An adventure to the New England Aquarium, in Boston, on June 13th, combined both a celebration of several years together and new academic learning for Fletcher’s sixth graders. The class selected two year-end events to culminate their time at the Fletcher School: the Boston trip and an overnight lock-in at the school scheduled for next week.

Boston Group

In Boston, students appreciated a personalized “behind the scenes tour” of the New England Aquarium. Guided by one of the aquarium’s educators, students learned how animals come to live at the there, what they eat, the workings of the filtrations systems and how sick sea creatures are nursed back to health. They took particular interest in Oscar, a very large misbehaving fish that had been placed in marine “Time Out.” Students met many of the aquarium’s biologists as they went about their daily work.

“The behind the scenes tour was an extraordinary learning experience to learn about different habitats and much more about so many kinds of fish,” sixth grader Matthew Spiller said. “To be responsible citizens it is important not only to learn more about fish but our focus was also to learn about clean water and filtration and to see the different kinds of filters was also great.” 


At the iMax Theater, students were treated to the film, Galapagos 3D: Nature’s Wonderland. Boston’s iMax Theater boasts the largest movie screen in New England and students learned about iguanas, penguins, tortoises and other creatures. Soaring aerial footage of the volcanic islands and up close and personal views of the islands’ animal inhabitants made the 3D adventure breathtaking. 

Students participated in two inquiry-based, hands-on educational programs lead by aquarium staff: H20 and Squids: Inside and Out. Students learned how the salinity of water, along with other properties of water, contribute to it being healthy or unhealthy for marine life. They dissected squids to learn more about the many fascinating features that help this creature survive in the ocean.


Students also had plenty of time to explore the main aquarium. The New England Aquarium welcomes 1.3 million visitors per year. The four-story giant ocean tank features a coral reef and hundreds of reef animals such as sting rays, eels, fish and sea turtles that weigh in at over 500 pounds.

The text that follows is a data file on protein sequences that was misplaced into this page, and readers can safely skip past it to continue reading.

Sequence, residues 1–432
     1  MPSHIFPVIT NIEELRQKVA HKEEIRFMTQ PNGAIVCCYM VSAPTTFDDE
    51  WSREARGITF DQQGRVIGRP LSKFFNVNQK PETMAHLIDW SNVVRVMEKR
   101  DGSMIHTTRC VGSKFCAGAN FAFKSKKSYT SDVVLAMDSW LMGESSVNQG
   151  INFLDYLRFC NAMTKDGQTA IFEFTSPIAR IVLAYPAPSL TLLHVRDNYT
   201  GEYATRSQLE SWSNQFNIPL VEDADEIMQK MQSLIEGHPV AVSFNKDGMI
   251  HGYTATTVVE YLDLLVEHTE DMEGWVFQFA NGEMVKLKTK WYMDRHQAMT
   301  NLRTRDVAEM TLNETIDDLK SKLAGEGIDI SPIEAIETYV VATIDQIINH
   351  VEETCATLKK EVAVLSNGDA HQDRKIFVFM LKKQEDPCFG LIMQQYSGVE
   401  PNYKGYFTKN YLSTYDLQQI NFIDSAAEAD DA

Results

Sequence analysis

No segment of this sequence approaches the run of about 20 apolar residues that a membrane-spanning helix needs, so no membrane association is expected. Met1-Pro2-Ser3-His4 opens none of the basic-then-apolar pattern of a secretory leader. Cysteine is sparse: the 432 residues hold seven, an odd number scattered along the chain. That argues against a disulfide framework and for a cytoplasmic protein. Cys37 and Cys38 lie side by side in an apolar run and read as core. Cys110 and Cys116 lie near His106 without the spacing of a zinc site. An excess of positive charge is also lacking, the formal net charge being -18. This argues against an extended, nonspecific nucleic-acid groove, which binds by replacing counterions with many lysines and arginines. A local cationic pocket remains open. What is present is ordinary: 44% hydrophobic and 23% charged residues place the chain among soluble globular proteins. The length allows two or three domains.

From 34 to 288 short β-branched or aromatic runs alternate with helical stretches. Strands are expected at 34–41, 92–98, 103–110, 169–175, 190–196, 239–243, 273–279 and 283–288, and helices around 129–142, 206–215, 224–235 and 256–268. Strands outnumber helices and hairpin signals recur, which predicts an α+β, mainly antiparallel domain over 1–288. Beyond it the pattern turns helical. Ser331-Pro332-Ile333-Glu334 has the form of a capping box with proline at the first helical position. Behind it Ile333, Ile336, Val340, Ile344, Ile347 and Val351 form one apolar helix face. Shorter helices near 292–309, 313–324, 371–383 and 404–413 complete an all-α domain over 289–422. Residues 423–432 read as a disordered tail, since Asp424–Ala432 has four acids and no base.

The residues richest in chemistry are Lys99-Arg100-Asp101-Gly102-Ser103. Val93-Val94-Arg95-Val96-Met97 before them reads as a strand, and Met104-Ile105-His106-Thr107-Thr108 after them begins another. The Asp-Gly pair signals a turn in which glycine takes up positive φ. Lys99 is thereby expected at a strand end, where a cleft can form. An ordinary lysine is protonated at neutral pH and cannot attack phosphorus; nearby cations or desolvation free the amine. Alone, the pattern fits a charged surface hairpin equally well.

“I think this trip was really important because we got to spend time with our classmates and learn so many different things,” sixth grader Christina Ashley said. “We learned a lot of really interesting facts by seeing things that we do not have access around here.”


“The 6th grade trip is important because we were able to really experience going away and being able to go somewhere to celebrate all of our hard work here at Fletcher before we go to a different school,” Spiller said. “We also met a lot of our learning goals for the day.”

Sixth grader Gracie Clark said she found the trip inspirational. “It gave me the inspiration to write books about the aquarium and the animals that live there,” she said.

“We wanted to support the students in selecting a class trip that would not only be unforgettable as a social experience, but also include a learning component that would engage and thrill them,” sixth grade teacher Jasmine Tremblay said. “Their choice of the aquarium was the perfect harmony of social and academic learning and set the stage for their ongoing love of science and fascination with the natural world.”

Students made a final late-night stop to investigate the I-89 Eco-Machine at the Sharon rest area. The massive greenhouse processes up to 6,000 gallons of water daily. 


“The living machine purifies water so that they do not have to keep taking water from the ground to run the rest area,” Clark said. “We just have to start thinking about our limited resources and this is a good example of a natural and creative solution that is friendly to the environment and pleasant to look at.”


Target: Flexible Learning Environments – FWSU maximizes flexible learning environments by redefining the school day, promoting learning experiences that extend beyond the classroom, and fostering creativity, innovation, and personalized learning opportunities for all.

Indicators of Success:  The school calendar and school day is flexible and responsive to the needs of students. 

Action Steps: (1) Provide students with access to content, resources, and methods for learning beyond the school day and beyond the school walls. (2) Develop opportunities for students to demonstrate transferable skills in authentic settings.

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